President Jacob Zuma. Picture: SOWETAN
President Jacob Zuma. Picture: SOWETAN

SOUTH Africa has been waiting for evidence of the National Development Plan’s (NDP’s) implementation ever since this long-term vision of South Africa’s economic future was enthusiastically endorsed by the ANC at its Mangaung conference in December.

President Jacob Zuma picked up on the theme in his state of the nation address last week, but disappointed many by failing to put any flesh on the bones; the projects and initiatives he mentioned were largely already in the public domain, and Mr Zuma restricted himself to providing a progress report.

There was rather more substance to Planning Minister Trevor Manuel’s briefing in Parliament on Tuesday on the first new steps the government intends taking to implement the NDP. Phrases such as "capable state", "clean audit" and "minimum standards" will have been music to the ears of South Africans, and the business community in particular. Incompetent and underqualified public servants are part of the reason service delivery is so poor in some areas, and the proposed skills audit and removal of unqualified managers and accounting officers is long overdue.

So, too, the pledge to tighten up the management of the state’s supply chain to cut costs, reduce corruption and put a lid on administered costs such as electricity tariffs. Mr Manuel and an increasing number of his Cabinet colleagues are starting to make the right noises, but companies have heard it all before. Investors, in particular, want to see evidence of success in achieving these aims before they put their hands in their pockets. Perhaps next week’s budget speech will take things further and help reinforce business confidence.

It is hard, though, to reconcile Mr Zuma’s statement in his state of the nation address that R860bn will have been spent on infrastructure projects between 2009 and March this year with the more detailed progress report delivered by Public Enterprises Minister Malusi Gigaba this week. Mr Zuma mentioned the first phase of the Mokolo and Crocodile River water augmentation project, which will provide some of the water required for Eskom’s Matimba and Medupi power stations, as well as work on the bulk water distribution system for the De Hoop dam, which began in October and will supply water to the Greater Sekhukhune, Waterberg and Capricorn district municipalities. Mr Gigaba said the Medupi power generation plant is 58% complete, with total spending of R60.4bn to date. The Mokolo and Crocodile water augmentation project is about 30% complete, with total spending of R526.1m so far, and the De Hoop dam and pipeline are 15% complete, with total spending of R505m. Another R807m has been spent on the Komati water scheme to help resolve water supply problems to Eskom’s Duvha and Matla power stations, and the project is more than 60% complete. Along with spending R16.9bn on the new multiproduct fuel pipeline in the Durban-Free State-Gauteng logistics corridor, R2.7bn has also been spent on rolling stock.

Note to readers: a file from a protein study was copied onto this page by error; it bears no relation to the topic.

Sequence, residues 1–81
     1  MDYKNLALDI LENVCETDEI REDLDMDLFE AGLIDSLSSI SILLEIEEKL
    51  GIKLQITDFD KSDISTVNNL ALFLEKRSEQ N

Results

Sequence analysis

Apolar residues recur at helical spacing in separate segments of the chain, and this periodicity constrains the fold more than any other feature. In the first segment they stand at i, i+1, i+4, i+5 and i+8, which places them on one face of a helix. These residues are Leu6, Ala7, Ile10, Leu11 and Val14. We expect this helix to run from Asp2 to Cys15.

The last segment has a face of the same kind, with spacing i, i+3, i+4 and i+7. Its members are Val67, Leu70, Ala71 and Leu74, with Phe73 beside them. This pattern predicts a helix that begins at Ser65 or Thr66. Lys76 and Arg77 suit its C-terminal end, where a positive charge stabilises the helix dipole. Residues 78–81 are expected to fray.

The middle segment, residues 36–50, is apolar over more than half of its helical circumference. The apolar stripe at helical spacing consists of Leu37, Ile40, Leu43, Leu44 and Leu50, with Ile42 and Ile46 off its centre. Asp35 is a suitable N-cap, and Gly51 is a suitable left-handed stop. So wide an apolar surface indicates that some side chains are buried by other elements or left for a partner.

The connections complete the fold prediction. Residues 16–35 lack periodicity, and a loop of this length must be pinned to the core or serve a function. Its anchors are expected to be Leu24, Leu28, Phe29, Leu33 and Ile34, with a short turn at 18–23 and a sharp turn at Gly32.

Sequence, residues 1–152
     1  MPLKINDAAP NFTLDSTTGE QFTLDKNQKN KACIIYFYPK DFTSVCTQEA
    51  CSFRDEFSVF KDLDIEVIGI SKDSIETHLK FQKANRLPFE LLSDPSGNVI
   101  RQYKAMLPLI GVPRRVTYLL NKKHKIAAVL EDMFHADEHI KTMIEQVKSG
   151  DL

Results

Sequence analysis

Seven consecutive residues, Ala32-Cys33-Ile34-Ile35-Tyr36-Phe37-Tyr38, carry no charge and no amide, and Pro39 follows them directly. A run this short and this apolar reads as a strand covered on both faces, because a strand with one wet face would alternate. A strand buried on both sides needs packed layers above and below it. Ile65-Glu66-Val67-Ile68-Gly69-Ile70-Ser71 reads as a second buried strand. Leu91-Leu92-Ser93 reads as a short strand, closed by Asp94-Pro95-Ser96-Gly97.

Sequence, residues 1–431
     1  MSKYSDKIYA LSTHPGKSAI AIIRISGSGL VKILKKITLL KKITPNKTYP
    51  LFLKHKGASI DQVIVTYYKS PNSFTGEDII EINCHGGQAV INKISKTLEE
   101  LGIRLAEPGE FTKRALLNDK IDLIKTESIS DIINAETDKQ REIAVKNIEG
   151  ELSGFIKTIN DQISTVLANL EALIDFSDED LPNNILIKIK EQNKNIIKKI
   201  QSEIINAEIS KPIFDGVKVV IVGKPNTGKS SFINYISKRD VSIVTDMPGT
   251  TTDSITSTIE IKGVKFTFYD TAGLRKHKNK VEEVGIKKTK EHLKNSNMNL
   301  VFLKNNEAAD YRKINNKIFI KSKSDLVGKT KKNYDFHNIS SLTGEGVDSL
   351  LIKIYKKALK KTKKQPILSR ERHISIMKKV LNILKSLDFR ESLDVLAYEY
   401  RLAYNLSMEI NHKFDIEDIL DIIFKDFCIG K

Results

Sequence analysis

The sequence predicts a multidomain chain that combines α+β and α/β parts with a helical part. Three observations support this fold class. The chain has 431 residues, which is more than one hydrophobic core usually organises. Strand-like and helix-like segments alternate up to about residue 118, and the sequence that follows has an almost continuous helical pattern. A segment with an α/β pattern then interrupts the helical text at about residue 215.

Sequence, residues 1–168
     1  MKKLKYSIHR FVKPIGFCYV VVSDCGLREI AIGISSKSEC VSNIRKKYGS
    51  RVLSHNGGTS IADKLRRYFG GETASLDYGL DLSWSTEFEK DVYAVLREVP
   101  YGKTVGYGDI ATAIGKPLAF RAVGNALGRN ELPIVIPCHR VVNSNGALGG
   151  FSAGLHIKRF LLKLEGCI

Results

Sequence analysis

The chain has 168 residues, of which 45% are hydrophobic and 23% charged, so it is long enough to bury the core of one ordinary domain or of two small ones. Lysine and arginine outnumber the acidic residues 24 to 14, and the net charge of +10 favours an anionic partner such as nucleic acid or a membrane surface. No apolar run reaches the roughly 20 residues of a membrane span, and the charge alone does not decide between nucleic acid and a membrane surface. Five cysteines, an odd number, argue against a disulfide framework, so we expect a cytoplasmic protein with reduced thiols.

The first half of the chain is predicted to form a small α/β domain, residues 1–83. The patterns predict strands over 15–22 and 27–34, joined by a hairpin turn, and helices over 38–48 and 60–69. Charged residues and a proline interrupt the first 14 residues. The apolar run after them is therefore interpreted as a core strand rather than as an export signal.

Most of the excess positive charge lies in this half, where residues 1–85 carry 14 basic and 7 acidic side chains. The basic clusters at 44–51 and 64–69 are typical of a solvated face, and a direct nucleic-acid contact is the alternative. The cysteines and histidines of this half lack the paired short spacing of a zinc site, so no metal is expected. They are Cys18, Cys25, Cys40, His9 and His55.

That all sounds most encouraging, except the projects listed by Mr Gigaba do not amount to anything close to the R860bn Mr Zuma mentioned. The Department of Economic Development has since indicated that the ministers involved in the state’s infrastructure cluster will brief the media in greater detail in coming days, so it is to be hoped there will soon be clarity on the infrastructure development programme’s implementation.

Meanwhile, the department states on the government information website that the Cabinet recently adopted its New Growth Path as the framework for economic policy and driver of South Africa’s jobs strategy. This would appear to contradict the emphasis that other departments are placing on the NDP as the social and economic blueprint for South Africa — contrary to the department’s line, the two do not always mesh.